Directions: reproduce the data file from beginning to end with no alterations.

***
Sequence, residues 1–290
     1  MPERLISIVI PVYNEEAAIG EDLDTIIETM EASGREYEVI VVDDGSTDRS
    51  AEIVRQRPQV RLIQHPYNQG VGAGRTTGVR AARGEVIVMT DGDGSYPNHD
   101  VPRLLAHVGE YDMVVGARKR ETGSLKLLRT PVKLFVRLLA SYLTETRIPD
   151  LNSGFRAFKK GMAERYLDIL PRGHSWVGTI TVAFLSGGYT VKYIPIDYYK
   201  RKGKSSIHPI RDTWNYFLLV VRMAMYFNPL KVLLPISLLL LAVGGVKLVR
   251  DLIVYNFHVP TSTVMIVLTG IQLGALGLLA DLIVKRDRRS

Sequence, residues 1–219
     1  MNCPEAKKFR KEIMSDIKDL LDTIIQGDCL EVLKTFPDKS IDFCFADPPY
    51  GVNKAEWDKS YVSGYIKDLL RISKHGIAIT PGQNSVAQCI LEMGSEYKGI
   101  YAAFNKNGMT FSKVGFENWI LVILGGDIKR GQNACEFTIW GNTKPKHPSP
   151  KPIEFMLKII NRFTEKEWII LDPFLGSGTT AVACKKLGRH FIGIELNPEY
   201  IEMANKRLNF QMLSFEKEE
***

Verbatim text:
Sequence, residues 1–290
     1  MPERLISIVI PVYNEEAAIG EDLDTIIETM EASGREYEVI VVDDGSTDRS
    51  AEIVRQRPQV RLIQHPYNQG VGAGRTTGVR AARGEVIVMT DGDGSYPNHD
   101  VPRLLAHVGE YDMVVGARKR ETGSLKLLRT PVKLFVRLLA SYLTETRIPD
   151  LNSGFRAFKK GMAERYLDIL PRGHSWVGTI TVAFLSGGYT VKYIPIDYYK
   201  RKGKSSIHPI RDTWNYFLLV VRMAMYFNPL KVLLPISLLL LAVGGVKLVR
   251  DLIVYNFHVP TSTVMIVLTG IQLGALGLLA DLIVKRDRRS

Sequence, residues 1–219
     1  MNCPEAKKFR KEIMSDIKDL LDTIIQGDCL EVLKTFPDKS IDFCFADPPY
    51  GVNKAEWDKS YVSGYIKDLL RISKHGIAIT PGQNSVAQCI LEMGSEYKGI
   101  YAAFNKNGMT FSKVGFENWI LVILGGDIKR GQNACEFTIW GNTKPKHPSP
   151  KPIEFMLKII NRFTEKEWII LDPFLGSGTT AVACKKLGRH FIGIELNPEY
   201  IEMANKRLNF QMLSFEKEE